A project at the Lawrence Berkeley National Laboratory, or LBNL, aims to genetically engineer microbes called methanotrophs to convert greenhouse gases, or GHGs, into useful products.
Bioengineering methanotrophs could potentially consume both methane and carbon dioxide, according to Deepika Awasthi, the lead project scientist in the Biological Systems and Engineering division, or BSE. In addition, the gasses can be converted into a biochemical and replace petroleum-derived chemicals in industries making automobile coatings and polyester for clothing.
“This project will integrate two greenhouse gases,” Awasthi said. “This will be an exciting thing to show that microbes and biology can be a potential solution for mitigating the adverse effects of climate change.”
Awasthi said she hopes to turn the microbes into a “superhero.” She intends to give the regular microbe an extra capability — a “cape” — through bioengineering, so that it can be a platform host to produce biofuels and biochemicals out of waste GHGs.
GHGs in the atmosphere are natural and important for maintaining earth’s temperatures, Awasthi said. But in the last few decades, there has been a gradual increase in an imbalance between the extra carbon from the use of fossil fuels and steady natural carbon sinks, according to Awasthi.
Awasthi added that the effect of this imbalance is a leading cause of rising global temperature and climate change.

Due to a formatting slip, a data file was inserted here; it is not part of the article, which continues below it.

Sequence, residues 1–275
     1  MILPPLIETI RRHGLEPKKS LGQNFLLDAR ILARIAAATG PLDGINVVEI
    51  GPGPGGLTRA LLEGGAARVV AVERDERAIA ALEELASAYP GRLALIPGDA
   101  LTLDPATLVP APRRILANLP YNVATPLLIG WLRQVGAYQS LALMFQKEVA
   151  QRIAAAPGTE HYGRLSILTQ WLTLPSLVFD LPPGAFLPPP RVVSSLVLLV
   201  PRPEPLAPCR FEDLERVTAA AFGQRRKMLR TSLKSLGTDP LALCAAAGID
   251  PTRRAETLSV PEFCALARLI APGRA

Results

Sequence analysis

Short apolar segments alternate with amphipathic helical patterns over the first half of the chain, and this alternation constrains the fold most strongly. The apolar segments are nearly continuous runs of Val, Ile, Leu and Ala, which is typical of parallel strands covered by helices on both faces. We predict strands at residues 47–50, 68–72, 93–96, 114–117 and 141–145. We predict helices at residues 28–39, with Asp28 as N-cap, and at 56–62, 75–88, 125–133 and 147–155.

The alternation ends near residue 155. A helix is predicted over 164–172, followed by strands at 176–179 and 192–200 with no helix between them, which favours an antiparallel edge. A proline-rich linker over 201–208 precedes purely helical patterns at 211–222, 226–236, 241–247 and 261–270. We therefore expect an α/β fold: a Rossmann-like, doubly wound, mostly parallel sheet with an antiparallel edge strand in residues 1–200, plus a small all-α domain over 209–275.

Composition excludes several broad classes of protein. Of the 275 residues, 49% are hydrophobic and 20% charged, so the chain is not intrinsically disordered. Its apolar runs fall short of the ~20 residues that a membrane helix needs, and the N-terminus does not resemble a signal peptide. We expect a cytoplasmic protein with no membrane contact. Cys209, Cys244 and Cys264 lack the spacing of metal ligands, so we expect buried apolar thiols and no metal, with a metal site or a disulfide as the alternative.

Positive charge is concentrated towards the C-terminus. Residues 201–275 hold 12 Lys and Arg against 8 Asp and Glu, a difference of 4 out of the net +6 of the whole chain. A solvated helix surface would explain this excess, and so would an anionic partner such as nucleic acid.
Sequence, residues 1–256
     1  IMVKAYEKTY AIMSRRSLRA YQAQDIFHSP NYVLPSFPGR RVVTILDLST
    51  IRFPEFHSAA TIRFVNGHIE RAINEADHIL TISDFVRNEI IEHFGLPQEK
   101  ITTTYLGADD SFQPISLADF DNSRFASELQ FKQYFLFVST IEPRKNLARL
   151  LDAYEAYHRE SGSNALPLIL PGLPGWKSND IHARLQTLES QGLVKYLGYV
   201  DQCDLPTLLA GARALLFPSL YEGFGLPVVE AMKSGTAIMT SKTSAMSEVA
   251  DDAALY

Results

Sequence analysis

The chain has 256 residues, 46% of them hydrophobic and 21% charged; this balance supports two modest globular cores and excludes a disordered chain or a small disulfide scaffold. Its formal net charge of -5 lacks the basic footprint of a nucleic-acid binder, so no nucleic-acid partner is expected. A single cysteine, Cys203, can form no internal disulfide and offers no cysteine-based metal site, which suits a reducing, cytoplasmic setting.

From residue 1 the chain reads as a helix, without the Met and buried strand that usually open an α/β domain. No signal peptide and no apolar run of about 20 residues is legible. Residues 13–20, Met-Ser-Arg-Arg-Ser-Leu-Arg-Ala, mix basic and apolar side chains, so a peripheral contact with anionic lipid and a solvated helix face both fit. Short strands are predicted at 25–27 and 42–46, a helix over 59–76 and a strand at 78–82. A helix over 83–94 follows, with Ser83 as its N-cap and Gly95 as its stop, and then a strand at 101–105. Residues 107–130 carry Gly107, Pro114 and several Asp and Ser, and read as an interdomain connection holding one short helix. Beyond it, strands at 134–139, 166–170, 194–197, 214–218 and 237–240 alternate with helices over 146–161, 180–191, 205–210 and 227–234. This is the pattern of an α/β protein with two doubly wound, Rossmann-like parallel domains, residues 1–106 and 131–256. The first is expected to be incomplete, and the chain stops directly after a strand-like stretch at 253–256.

Steven Singer, a senior scientist at the BSE division and an advisor to the project, said Awasthi’s work is part of the Carbon Negative Initiative at LBNL that aims to develop technologies capable of “drawing down” carbon and storing it for long periods of time. Singer noted that methane is 25 times more potent than carbon dioxide, and the project plans to turn methane into carbon sinks.
“Projects like Deepika’s are thinking about how to convert methane from fossil sources or biological sources to malonic acid, which is a precursor to polymers,” Singer said. “If you can store carbon from methane in these polymers, you can develop a long-lasting sink for that waste carbon.”
Singer added that the project seeks to recycle GHGs into consumer products and commodity chemicals instead of just storing the gases.
Shubhasish Goswami, a postdoctoral scholar at the BSE division, said he is working on the experimental part of the project to establish a synthetic pathway for producing targeted biochemicals from methane as a feedstock. He added that the initial results of their methodology have been promising.
“I am really super excited for the next steps of this project when I will be quantifying and optimizing biochemical production from the engineered methanotrophic bacteria,” Goswami said in an email. “I am hoping that our goal of showing the biological production of this commercially valuable compound using only GHGs as a feedstock is not far away.”